Manage corrosion or fight it?
Is there anything that can be done to prevent or protect against corrosion? This is a question which preoccupies many in our industry. There are many types of corrosion, which in fact is a natural process, so it seems it’s like trying to hold back the tide. Is there anything that we mere humans can do to stop it? Jo van Montfort, director and coating specialist at Bjond, gives PES his expertise and thoughts on ‘atmospheric corrosion’.
What is corrosion?
As all material in the universe strives to return to its lowest energy state, pure metals, such as steel also strive to revert to their lowest energy state, which they were as sulphides or oxides. All man-made structures disintegrate until the lowest energy content is reached. A well-known example of this is corroding or rusting of steel, in which the energy that is supplied to make the steel out of ore is released again and the material disintegrates into rust.
Unprotected, unalloyed steel or carbon steel exposed to a marine environment gets back to where it came from unless we add energy to it. This can be done e.g. by applying a protective coating for the parts above the water line. These parts are mainly exposed to what is defined as ‘atmospheric corrosion’.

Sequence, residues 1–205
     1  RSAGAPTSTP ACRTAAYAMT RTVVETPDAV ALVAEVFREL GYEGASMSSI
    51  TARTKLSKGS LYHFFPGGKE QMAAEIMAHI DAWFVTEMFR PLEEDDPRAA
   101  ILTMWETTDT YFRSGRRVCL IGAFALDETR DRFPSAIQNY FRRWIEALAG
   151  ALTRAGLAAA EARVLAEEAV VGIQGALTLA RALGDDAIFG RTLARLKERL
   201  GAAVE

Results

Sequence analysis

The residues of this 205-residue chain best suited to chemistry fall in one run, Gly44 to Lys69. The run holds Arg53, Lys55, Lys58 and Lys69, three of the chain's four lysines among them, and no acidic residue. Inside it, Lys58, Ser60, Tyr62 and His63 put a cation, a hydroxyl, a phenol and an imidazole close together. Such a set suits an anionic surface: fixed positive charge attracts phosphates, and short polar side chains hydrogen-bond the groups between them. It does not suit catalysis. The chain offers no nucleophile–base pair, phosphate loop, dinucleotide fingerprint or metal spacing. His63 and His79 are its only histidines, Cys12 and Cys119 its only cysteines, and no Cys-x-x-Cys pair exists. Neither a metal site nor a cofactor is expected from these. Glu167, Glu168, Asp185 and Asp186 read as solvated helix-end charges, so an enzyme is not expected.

What is ‘atmospheric corrosion’?
Carbon steel corrosion is mainly determined by the environment to which the steel is exposed. In the case of offshore structures, the dominant type of corrosion above the waterline and in the splash-zone is so called ‘atmospheric corrosion’. Under the water line other types of corrosion occur, such as e.g. microbiological induced corrosion.
Atmospheric corrosion of unalloyed steel is a generally defined as a uniform and local form of thickness loss that depends on the presence of water and oxygen at/on the steel surface. However, water films are not always visible, especially if an amount of rust has already been formed. Atmospheric corrosion can also occur locally depending on what is going on at the steel surface; contaminations, failing paint layers etc.
The corrosion product of steel: ‘rust’ is porous and voluminous, 7-9 times the volume of steel, and therefore well permeable to water and oxygen. This means that when we observe a corrosion layer of about 1 cm thick, approximately 1.4 – 1.1 mm of underlying steel is lost.